Such apparatus shall also be worn during emergency situations involving toxic substances.
Approved self-contained breathing apparatus may be equipped with either a “buddy-breathing” device or a quick disconnect valve, even if these devices are not certified by NIOSH. If these accessories are used, they shall not cause damage to the apparatus, or restrict the air flow of the apparatus, or obstruct the normal operation of the apparatus.
Approved self-contained compressed air breathing apparatus may be used with approved cylinders from other approved self-contained compressed air breathing apparatus provided that such cylinders are of the same capacity and pressure rating. All compressed air cylinders used with self-contained breathing apparatus shall meet DOT and NIOSH criteria.
Self-contained breathing apparatuses must have a minimum service-life rating of 30 minutes in accordance with the methods and requirements specified by NIOSH under 42 CFR part 84, except for escape self-contained breathing apparatus (ESCBAs) used only for emergency escape purposes.
Self-contained breathing apparatus shall be provided with an indicator which automatically sounds an audible alarm when the remaining service life of the apparatus is reduced to within a range of 20 to 25 percent of its rated service time.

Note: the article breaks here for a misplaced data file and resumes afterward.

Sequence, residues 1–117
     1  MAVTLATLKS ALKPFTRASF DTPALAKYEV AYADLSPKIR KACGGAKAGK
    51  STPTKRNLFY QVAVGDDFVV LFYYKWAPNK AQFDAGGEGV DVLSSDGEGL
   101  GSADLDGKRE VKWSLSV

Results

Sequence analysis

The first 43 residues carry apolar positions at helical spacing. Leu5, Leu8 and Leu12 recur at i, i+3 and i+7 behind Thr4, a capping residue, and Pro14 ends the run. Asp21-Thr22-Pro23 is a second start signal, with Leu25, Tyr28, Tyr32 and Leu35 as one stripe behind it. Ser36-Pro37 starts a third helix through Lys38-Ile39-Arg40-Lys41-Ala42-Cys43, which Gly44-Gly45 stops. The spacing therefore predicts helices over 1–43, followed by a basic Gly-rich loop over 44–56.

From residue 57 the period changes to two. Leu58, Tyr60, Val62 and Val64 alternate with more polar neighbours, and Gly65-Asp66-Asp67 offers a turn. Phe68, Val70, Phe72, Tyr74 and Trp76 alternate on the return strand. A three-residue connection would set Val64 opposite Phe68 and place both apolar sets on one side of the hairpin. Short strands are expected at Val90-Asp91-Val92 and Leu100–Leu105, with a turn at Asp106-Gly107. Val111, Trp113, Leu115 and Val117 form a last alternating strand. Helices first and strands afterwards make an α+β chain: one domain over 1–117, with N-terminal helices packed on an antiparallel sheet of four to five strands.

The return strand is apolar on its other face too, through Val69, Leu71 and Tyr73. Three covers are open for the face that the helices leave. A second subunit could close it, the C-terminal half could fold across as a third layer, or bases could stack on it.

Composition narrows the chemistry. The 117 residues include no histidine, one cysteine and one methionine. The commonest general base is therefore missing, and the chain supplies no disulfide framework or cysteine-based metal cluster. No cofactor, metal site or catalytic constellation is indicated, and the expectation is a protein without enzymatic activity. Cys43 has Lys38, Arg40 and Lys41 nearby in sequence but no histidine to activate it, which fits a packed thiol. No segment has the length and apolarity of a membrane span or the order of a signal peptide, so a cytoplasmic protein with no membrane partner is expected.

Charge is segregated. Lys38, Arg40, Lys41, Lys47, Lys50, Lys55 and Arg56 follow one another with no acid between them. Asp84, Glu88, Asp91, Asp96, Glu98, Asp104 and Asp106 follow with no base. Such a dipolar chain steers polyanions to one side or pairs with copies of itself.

(2) Positive-pressure breathing apparatus.
The employer shall assure that self-contained breathing apparatus ordered or purchased after July 1, 1981, for use by fire brigade members performing interior structural fire fighting operations, are of the pressure-demand or other positive-pressure type. Effective July 1, 1983, only pressure-demand or other positive-pressure self-contained breathing apparatus shall be worn by fire brigade members performing interior structural fire fighting.
This paragraph does not prohibit the use of a self-contained breathing apparatus where the apparatus can be switched from a demand to a positive-pressure mode. However, such apparatus shall be in the positive-pressure mode when fire brigade members are performing interior structural fire fighting operations.
[45 FR 60706, Sept. 12, 1980; 46 FR 24557, May 1, 1981; 49 FR 18295, Apr. 30, 1984; 61 FR 9239, Mar. 7, 1996; 63 FR 1284, Jan. 8, 1998; 63 FR 33467, June 18, 1998; 73 FR 75584, Dec. 12, 2008]